By Aaron Reiss
By Angelica Leicht
By Dianna Wray
By Aaron Reiss
By Camilo Smith
By Craig Malisow
By Jeff Balke
By Angelica Leicht
As a freelance reviewer for the Houston Press, Mike Smith listens to a lot of music. Unfortunately for him, much of his listening is done while he's on hold for the Harris County Toll Road Authority's customer service phone line.
Not only does the music selection get a thumbs-down (it's "sappy"), so does HCTRA.
For two years, Smith has been getting notices that he owes the authority money for illegally driving through the EZ Pass lane. As proof, the authority includes automated camera photos of a 2002 Ford Mustang speeding past the toll booth.
The only trouble is, Smith drives a Ford Explorer. Which doesn't look a whole lot like a Mustang.
And so he goes on hold and gets more demand letters in the mail. "What pisses me off is this kind of threatening legal language toward me when I've already had 20 to 30 of these dismissed for incorrect identification," he says.
HCTRA spokeswoman Patricia Freise is perplexed. "This has been a first for us," she says. There must be two vehicles registered in the DPS database with that same license plate, she says. "How in the world that happened, I have no clue."
It turns out there are not two such license plates in the DPS database, although there is a 2002 Mustang listed whose license plate is identical to Smith's except it includes an N where Smith's has an M.
The agency's computer system reads and enhances the license plate photos -- a HCTRA worker suggested to him that it could be misreading his number.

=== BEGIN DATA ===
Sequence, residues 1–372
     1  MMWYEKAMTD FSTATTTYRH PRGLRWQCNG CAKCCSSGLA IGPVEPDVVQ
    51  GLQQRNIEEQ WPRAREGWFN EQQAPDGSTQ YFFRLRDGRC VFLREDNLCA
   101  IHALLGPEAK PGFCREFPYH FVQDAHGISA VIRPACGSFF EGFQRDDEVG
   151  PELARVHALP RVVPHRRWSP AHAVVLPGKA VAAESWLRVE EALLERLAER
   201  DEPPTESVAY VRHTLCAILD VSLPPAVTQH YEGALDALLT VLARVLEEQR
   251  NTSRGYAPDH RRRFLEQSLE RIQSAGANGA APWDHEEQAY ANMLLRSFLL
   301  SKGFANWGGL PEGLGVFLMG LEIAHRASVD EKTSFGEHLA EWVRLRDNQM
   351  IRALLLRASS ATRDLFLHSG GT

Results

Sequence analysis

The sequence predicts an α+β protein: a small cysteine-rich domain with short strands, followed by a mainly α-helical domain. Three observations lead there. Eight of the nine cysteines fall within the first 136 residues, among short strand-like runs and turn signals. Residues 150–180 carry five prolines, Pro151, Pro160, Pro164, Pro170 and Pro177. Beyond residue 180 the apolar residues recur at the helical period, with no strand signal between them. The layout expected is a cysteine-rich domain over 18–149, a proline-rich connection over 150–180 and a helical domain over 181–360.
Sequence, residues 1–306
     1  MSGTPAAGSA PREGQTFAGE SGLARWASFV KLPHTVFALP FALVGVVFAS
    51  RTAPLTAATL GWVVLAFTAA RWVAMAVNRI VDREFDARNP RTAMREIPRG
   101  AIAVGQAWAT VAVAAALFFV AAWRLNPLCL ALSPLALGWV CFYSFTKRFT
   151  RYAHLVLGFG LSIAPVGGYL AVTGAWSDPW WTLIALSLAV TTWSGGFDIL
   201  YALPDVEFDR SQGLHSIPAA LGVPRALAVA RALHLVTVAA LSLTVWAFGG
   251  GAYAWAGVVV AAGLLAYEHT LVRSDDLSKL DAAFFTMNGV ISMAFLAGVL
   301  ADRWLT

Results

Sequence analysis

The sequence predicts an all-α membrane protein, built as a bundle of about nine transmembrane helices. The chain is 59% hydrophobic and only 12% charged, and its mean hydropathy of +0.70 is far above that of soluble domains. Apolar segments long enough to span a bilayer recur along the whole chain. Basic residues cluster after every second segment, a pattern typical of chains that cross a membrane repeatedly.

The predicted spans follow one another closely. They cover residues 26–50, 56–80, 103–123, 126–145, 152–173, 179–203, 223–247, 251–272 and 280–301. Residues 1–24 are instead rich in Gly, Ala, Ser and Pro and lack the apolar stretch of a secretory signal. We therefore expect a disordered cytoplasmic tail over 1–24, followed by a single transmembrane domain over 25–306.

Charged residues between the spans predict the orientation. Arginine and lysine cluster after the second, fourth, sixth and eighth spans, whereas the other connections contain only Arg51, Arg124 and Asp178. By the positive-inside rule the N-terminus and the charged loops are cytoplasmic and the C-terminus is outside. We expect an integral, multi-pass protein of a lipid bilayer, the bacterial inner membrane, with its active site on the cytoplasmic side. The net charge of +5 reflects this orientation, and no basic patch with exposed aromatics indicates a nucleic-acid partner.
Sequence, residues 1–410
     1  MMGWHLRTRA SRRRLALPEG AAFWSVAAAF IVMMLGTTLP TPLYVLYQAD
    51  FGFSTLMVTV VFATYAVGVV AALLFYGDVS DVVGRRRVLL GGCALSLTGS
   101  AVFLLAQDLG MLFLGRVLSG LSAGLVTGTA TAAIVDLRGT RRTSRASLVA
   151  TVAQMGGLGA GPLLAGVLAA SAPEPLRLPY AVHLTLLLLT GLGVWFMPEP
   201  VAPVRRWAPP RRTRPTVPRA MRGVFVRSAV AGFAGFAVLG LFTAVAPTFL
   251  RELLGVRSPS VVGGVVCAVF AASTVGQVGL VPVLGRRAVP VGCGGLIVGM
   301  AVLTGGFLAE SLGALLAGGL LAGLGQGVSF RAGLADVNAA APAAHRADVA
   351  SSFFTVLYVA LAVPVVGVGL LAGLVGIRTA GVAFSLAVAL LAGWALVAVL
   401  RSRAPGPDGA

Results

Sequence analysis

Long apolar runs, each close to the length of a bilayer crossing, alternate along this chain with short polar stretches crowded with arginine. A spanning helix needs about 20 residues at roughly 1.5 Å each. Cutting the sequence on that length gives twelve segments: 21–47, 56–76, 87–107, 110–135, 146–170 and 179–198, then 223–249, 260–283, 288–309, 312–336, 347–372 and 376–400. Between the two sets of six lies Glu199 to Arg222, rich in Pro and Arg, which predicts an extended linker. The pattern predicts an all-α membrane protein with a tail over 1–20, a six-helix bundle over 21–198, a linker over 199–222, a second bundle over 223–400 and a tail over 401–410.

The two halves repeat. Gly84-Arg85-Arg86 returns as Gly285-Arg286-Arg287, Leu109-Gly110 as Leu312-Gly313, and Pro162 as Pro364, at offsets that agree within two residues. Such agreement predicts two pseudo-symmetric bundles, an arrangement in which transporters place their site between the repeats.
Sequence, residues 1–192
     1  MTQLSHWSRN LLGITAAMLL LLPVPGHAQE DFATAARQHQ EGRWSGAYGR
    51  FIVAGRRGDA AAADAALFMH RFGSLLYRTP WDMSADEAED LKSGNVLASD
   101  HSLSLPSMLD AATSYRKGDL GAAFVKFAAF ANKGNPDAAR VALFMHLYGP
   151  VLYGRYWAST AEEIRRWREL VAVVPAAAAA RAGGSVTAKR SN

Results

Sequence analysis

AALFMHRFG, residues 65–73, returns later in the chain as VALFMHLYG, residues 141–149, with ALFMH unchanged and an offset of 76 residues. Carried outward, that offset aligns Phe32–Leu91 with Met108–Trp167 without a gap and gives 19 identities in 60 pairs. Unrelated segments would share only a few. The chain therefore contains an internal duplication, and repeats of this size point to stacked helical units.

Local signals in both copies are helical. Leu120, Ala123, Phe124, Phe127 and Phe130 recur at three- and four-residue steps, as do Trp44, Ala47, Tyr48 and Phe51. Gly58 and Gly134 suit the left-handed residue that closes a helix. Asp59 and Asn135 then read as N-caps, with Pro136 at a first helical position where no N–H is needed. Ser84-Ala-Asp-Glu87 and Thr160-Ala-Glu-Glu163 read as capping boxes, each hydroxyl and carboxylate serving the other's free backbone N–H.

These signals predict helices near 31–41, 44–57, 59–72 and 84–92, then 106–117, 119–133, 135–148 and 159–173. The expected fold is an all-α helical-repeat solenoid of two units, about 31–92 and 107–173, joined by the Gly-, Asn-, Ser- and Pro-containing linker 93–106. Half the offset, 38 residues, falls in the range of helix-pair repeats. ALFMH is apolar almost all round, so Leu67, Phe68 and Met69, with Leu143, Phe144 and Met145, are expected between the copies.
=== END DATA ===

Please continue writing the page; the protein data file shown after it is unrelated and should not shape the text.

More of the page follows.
To which Smith replied: "It could be that this guy is out running the tollway and has taken a piece of black tape and made his N an M." (Said the HCTRA worker: "I never thought of that.")
A lot of people have suggested Smith simply get a new license plate. (A lot of sane people.) But that's not his style.
"I'm like, 'I'm not going to go and stand in line and pay the money to get a new license plate. You're crazy,' " he says.
Hey, it's just a thought. In the meantime, enjoy that on-hold music.
What'd I Say?
"I think sometimes when they view it and break it down," Pinkett analyzed, "it's similar to the way they broke down the Rodney King beating. You know, when you look at it in parts it doesn't look like they beat him up so bad. But when you see it real fast, he got his butt beat. So, uh, the totality, I guess, of the event is what, uh, is what they look at."
A stunned Albert and Esiason had trouble believing what they had heard. Esiason couldn't stop laughing, and Albert asked, "Was that a Saturday Night Live satirical sideline moment?"
Pinkett couldn't be reached, but he later apologized through USA Today: "My only comment is really no comment, beside the fact it was a poor analogy," he said.
As poor as the 9/11 attacks, Pinkett somehow managed not to say.
Wait a Little Longer
Drivers slowly prowl through an utterly packed parking lot, waiting eagerly to pounce on anyone leaving. Cars are illegally abandoned on the median and in any available space by those who couldn't wait any longer, eager to get inside and get in a line to wait for 45 minutes.
Are these people desperately trying to get tickets to some hot concert? Nah. They're just trying to vote.
All during the week of October 18, early voting at the West Gray Multi-Service Center has been a frustrating mess for people hoping to dash in and quickly take care of their civic duty.
"There were waits of 45 minutes the first two days, and you don't usually see that until the last two days," he says.
What does this mean for the election? Hard to say. "The people who tend to vote at that location are a perfect blend of [Republican] River Oaks and [Democratic] Montrose," he says.
The office can't add any more machines, and the hours they're allowed to stay open are set by statute. So unless the first few days were simply an onrush of people who couldn't wait to vote for or against someone, you'd be better off finding another location.
Or bringing a book.
Halloween is nigh, and where better to take the kiddies than a strip club?
That's the thought process among the folks at La Bare, which bills itself as "America's Number One Ladies Club." They're having a costume show for kids.